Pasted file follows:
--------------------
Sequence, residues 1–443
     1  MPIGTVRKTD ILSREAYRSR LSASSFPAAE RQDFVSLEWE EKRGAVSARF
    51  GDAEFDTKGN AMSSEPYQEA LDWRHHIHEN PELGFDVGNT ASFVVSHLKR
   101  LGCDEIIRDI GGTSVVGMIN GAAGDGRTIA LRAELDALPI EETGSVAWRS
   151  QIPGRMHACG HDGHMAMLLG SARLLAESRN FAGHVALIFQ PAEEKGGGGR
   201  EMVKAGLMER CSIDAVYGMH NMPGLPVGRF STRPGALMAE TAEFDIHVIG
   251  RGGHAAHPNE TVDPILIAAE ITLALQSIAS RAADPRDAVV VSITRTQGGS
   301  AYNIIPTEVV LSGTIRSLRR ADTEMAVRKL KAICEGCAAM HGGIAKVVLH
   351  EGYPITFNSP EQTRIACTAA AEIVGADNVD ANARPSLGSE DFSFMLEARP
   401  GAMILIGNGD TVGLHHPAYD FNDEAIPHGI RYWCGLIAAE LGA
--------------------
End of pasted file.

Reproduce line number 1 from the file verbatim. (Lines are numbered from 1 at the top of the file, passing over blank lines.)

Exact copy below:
Sequence, residues 1–443